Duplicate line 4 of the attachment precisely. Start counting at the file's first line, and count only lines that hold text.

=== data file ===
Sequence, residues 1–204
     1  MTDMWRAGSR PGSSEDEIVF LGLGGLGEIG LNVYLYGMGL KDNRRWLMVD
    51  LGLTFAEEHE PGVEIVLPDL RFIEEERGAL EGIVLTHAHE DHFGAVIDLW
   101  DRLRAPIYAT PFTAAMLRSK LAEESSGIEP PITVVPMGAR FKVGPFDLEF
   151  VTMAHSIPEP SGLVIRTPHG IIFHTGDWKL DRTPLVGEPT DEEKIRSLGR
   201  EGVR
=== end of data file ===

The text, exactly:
   101  DRLRAPIYAT PFTAAMLRSK LAEESSGIEP PITVVPMGAR FKVGPFDLEF